Today I learned way more about quotations in bash than I ever thought I needed to know. I thought I would highlight the interesting use case that I discovered, which requires some special trickery to write a script that executes arbitrary commands. First, let’s quickly review some facts about bash quotes.
Quick review of bash quotes (skip this if you’re an expert)
When you type a command into bash, it evaluates any special characters or sequences before executing the command. As a basic example, consider the following commands1:
$ echo $HOME /home/austin $ python -c print(7) bash: syntax error near unexpected token `('
The first fragment uses the command
echo, which naturally echos the argument to feed to it.
The argument fed to it is $HOME, which due to the dollar sign is interpreted as a bash variable.
Therefore it evaluates the contents of this variable, which is my home directory (/home/austin).
The second example runs python, using the
-c command to execute python code passed as a string.
print(7) is a completely valid python command that prints the number 7,
however parentheses are special characters in bash.
So, before that string makes it to the
bash attempts to evaluate it, determines that it is invalid bash syntax (since it’s not bash it’s python), and throws an error.
Obviously that’s not what that program is supposed to do.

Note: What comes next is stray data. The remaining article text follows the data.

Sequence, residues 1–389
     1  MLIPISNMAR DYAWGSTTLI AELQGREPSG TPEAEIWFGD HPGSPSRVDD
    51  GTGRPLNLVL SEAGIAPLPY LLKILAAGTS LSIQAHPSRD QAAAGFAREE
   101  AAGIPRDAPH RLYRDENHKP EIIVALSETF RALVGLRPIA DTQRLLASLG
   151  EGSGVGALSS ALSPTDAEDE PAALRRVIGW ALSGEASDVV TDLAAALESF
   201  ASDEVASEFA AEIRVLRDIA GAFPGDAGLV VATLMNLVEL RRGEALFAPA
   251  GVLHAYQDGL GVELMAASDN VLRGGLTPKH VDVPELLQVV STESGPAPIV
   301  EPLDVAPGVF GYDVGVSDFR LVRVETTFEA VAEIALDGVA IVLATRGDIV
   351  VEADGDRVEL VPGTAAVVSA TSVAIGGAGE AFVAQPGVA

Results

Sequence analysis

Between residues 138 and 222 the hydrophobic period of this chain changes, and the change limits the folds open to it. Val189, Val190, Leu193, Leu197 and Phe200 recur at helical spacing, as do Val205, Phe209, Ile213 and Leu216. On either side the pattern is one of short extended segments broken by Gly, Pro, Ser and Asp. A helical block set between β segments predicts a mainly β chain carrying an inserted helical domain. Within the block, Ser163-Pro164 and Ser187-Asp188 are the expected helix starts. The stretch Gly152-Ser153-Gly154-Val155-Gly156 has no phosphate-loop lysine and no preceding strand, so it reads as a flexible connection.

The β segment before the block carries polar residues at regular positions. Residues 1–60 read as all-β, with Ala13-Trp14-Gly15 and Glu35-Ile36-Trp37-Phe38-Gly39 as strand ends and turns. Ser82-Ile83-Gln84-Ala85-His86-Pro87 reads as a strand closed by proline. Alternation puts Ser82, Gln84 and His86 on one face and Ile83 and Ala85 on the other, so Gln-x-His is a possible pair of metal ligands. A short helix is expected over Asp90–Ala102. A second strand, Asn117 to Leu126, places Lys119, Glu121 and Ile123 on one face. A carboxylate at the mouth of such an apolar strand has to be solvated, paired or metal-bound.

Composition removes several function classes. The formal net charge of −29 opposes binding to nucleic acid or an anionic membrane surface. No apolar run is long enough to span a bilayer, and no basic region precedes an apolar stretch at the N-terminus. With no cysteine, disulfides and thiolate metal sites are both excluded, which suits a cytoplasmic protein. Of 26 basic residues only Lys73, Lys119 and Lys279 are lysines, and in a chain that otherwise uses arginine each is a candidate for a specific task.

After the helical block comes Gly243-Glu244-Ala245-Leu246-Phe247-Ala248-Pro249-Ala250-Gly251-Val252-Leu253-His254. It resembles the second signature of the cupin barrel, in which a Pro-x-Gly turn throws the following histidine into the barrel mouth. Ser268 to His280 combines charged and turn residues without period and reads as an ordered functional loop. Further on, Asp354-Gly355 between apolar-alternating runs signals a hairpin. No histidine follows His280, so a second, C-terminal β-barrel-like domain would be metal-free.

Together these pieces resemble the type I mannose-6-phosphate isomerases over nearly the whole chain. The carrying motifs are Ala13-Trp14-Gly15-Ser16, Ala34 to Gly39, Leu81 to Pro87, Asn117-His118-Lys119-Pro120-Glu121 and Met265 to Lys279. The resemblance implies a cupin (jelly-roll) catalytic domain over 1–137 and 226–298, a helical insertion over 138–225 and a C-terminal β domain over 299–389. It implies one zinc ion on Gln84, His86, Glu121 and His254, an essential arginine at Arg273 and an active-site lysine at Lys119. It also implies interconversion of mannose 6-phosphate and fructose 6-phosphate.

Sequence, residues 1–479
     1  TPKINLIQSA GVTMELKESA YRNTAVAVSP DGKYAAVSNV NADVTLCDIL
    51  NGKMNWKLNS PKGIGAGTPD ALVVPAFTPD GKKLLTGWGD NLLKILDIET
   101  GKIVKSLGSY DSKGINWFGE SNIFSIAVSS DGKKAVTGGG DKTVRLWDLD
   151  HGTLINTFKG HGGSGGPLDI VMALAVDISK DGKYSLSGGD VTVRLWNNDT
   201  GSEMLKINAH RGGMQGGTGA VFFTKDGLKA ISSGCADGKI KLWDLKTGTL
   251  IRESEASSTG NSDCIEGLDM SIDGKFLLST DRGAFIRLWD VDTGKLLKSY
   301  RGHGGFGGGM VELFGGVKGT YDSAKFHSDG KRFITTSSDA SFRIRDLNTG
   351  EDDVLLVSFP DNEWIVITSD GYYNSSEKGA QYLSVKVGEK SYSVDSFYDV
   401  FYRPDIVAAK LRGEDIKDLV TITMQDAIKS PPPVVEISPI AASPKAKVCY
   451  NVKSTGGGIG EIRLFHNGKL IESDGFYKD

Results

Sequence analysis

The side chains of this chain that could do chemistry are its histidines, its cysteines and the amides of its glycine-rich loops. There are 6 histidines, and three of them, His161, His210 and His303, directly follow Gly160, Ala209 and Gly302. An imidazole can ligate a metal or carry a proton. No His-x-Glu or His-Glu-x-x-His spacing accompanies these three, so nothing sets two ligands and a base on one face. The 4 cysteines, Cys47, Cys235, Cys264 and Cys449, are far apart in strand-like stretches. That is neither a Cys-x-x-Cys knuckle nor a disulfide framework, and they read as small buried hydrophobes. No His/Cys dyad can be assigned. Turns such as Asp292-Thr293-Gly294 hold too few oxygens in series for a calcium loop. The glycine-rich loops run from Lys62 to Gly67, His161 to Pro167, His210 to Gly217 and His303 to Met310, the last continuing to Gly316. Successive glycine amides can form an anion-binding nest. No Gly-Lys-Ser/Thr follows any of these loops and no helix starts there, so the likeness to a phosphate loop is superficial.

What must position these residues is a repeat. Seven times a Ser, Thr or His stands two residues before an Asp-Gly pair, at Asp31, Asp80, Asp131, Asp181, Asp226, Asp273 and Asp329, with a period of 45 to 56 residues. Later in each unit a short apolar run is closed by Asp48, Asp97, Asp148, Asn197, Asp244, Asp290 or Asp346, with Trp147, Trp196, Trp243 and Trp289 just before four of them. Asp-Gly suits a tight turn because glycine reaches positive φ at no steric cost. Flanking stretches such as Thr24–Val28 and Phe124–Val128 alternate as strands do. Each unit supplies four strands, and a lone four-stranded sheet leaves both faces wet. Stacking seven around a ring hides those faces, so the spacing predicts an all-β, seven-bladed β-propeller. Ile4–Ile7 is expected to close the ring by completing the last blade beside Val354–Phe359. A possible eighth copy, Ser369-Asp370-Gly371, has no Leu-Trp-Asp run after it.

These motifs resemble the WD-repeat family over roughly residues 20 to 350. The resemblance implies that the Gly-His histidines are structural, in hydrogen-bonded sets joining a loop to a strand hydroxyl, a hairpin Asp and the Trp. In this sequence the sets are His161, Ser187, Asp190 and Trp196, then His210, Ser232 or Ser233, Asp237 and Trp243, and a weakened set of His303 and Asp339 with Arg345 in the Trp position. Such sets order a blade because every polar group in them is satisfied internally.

Hence the purpose of quotes: they are used to prevent bash from evaluating text that you would like to leave as a string.
The most basic kind of quote is the single quote ('). This quote completely prevents bash from evaluating a command. Let’s look at a few examples.
$ echo '$HOME' $HOME
This command literally prints the string “$HOME”, since nothing was evaluated. Now is also maybe a good time to point out that the first $ character on the first line is the shell prompt (the last character on the line where you type in commands), so it isn’t actually part of the command. Another example:
$ 'echo $HOME' echo $HOME: command not found
Putting quotes around the whole command prevents bash from parsing it at all, not even breaking up the input into a command and an argument. So it just assumes that the literal string “echo $HOME” is a command, and doesn’t know what command that is, so it gives an error. One final variant would be:
$ 'echo' $HOME /home/austin
This command does the same thing as the initial command:
it doesn’t evaluate echo (which bash wouldn’t modify anyways),
$HOME since that wasn’t in quotes.
Moving onto the second example, we can make the python code run directly by enclosing the program in quotes.